Arthrex: Federal Circuit now Staying Cases Pending Supreme Court Resolution

Uniloc 2017 LLC v. Google LLC (Fed. Cir. 2020) (Appeal Nos. 19-2277 and 19-2307)

Conventional wisdom is now that the Supreme Court will grant certiorari in Arthrex on the questions of (1) whether a PTAB judge is a principal Officer under the U.S. Constitution and if so (2) what result?

In this pair of pending inter partes review appeals, the Federal circuit has agreed with the patentee that the proper course of action at this point is to wait for a resolution of Arthrex:

Uniloc 2017 LLC moves to stay the above-captioned appeals pending final resolution of the Supreme Court’s review of Arthrex, Inc. v. Smith & Nephew, Inc, 941 F.3d 132 (Fed. Cir. 2019), reh’g denied 953, F.3d 760 (Fed. Cir. 2020). Google LLC opposes the motions. . . . The motions are granted.

UnilocStay.  These cases related to  U.S. Patent No. 7,853,000 and 7,804,948 (most of the claims found unpatentable by the PTAB).

The Federal Circuit is not the first-mover in this situation.  The cases remanded to the PTAB on Arthrex grounds have all been administratively stayed pending resolution of Arthrex.  And, the US Gov’t has filed an omnibus petition to the Supreme Court.  Uniloc explains in its stay petition:

Remand to the PTO may ultimately be unnecessary, and cases that have already been remanded are being held in abeyance pending the Supreme Court’s review of Arthrex. Accordingly, Uniloc requests that this appeal be stayed pending resolution of the Supreme Court’s review of Arthrex, including resolution of Petitions for Writ of Certiorari.

UnilocStayPetition.  Google opposed the stay — arguing, inter alia, that Uniloc had waived its Arthrex argument.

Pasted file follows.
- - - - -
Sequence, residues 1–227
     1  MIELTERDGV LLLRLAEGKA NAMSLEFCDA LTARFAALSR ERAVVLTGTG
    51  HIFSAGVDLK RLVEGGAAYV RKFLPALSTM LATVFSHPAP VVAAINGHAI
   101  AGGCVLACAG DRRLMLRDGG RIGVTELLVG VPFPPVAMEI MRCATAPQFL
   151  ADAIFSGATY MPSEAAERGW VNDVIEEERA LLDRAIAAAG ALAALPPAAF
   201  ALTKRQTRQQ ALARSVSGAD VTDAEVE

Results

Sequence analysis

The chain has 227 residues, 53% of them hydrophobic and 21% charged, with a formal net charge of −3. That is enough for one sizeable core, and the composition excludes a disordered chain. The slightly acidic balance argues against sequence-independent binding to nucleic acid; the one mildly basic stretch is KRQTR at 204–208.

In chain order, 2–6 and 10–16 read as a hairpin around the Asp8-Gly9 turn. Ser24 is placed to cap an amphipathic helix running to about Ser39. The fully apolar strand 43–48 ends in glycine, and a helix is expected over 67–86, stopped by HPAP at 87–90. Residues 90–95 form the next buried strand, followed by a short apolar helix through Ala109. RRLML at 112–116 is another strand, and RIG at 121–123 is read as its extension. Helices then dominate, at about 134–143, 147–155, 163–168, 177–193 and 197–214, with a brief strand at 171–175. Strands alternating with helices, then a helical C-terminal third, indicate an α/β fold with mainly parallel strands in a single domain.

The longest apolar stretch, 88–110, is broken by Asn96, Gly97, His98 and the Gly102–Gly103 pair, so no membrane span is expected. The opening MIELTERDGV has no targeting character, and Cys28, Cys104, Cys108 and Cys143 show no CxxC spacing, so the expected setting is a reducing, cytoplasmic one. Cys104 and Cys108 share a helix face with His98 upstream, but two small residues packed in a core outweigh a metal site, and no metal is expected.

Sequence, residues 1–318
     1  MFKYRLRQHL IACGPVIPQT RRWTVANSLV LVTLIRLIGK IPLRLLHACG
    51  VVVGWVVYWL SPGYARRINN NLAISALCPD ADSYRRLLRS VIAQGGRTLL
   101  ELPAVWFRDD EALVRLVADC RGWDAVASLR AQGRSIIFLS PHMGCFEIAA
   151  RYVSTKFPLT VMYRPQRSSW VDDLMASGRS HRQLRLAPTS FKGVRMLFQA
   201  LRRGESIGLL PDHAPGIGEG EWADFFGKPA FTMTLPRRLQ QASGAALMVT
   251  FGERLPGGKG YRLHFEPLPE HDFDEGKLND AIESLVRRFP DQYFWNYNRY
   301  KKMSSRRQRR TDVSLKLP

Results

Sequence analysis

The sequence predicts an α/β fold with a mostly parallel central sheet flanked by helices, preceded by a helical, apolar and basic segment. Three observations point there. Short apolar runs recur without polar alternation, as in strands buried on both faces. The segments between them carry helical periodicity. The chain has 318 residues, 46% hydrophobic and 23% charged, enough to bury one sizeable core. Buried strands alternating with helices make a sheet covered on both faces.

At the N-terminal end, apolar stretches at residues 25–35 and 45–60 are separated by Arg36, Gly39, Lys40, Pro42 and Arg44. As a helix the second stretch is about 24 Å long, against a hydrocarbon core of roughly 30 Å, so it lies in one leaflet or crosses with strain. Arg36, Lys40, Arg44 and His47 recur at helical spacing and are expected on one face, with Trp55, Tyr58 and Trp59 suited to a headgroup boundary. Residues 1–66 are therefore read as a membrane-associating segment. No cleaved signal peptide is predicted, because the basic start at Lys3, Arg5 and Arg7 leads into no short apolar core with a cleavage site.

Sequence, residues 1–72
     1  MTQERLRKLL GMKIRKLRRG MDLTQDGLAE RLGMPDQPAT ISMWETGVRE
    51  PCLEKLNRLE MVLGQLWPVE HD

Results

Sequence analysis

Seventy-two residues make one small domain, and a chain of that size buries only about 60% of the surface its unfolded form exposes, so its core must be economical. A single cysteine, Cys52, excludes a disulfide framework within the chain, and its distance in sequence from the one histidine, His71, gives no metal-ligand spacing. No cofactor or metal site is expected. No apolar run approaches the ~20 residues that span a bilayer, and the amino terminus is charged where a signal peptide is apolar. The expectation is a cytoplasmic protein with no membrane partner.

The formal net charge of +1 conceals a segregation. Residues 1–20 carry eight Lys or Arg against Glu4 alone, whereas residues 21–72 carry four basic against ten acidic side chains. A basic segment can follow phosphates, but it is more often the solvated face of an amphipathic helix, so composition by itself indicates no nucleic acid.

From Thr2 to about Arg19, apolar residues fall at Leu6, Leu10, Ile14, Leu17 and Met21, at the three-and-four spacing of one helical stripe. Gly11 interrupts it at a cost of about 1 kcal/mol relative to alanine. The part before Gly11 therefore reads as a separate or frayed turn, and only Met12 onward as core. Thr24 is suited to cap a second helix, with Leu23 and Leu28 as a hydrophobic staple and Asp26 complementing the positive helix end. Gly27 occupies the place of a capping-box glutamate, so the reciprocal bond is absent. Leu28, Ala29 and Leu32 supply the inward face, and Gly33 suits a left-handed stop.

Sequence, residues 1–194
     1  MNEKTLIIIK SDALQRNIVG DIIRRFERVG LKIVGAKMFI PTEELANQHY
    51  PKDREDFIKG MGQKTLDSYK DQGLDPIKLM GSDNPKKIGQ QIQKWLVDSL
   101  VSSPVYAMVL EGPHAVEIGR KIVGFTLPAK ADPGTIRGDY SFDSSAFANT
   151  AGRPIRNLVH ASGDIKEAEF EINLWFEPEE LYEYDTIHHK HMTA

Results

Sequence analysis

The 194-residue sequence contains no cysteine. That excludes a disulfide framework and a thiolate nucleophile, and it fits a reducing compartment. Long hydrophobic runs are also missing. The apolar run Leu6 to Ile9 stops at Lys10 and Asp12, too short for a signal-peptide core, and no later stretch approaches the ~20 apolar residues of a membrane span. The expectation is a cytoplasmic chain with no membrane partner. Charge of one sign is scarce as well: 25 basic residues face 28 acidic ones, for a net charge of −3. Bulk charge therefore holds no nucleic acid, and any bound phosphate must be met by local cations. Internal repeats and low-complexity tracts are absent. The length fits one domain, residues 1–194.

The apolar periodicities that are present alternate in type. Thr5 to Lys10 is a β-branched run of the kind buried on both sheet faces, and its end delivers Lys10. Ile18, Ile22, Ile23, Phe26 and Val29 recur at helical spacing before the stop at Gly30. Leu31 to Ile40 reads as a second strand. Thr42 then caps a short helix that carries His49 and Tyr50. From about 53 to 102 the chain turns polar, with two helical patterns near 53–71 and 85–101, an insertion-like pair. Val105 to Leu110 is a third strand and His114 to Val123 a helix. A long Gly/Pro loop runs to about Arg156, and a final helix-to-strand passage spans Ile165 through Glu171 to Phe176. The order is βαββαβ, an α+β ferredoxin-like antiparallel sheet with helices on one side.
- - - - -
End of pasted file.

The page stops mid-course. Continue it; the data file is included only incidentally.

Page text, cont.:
5 thoughts on “Arthrex: Federal Circuit now Staying Cases Pending Supreme Court Resolution

  1. 2

    Here the TPAB and the CAFC is it’s own worst enemy so far as ‘saving’ the IPR statutory scheme from itself. IMHO, in the universe of administrative courts the PTAB would have a better argument if it were MORE judge like not LESS judge like which the CAFC held in order to skirt the APJ issue and ‘save’ the statute re the appointments clause issue. Of course if the PTAB officers were more judge like we would assume that the TPAB could be policed by CAFC to be more ‘court’ like. The elephant in the room being whether TPAB will grant comity and administrative estoppel with the dual jurisdiction of the Art III courts. You know, like ALL the other administrative courts do when there are issues implicating dual jurisdiction. On this issue, PTAB is a gigantic outlier, completely rouge court. Of course, even then this ducks the issue of who sits by statute on the TPAB.

  2. 1

    This is fantastic. The infringement cases against the biggest corporations on the planet can proceed in district courts, where they will have a full and fair opportunity to challenge the validity of the patents. Not only is the PTAB unconstitutional, it is redundant and unnecessary.

    1. 1.1

      Not necessarily. Many district courts [other than the new reportedly patent litigation paradise of WDTX] are staying civil case jury trials due to the Covis-19 epidemic, and of course if validity is a major issue the patent owner will want a jury trial. Also, this is a stay of Fed. Cir. appeals from IPRs, not a stay of IPRs themselves. Few judges are going to put themselves through the potentially useless and avoidable work of a full jury trial patent suit if all of the sued-on claims have been held invalid in an IPR awaiting appeal and the Sup. Ct. takes cert.

    2. 1.2

      Sorry Josh, but with complete confidence, SCOTUS will make a dogs breakfast of the whole thing and make patent law an even redder red headed step child of administrative law. Getting Thomas to admit that Oil States was wrongly decided is going to be a huge lift.

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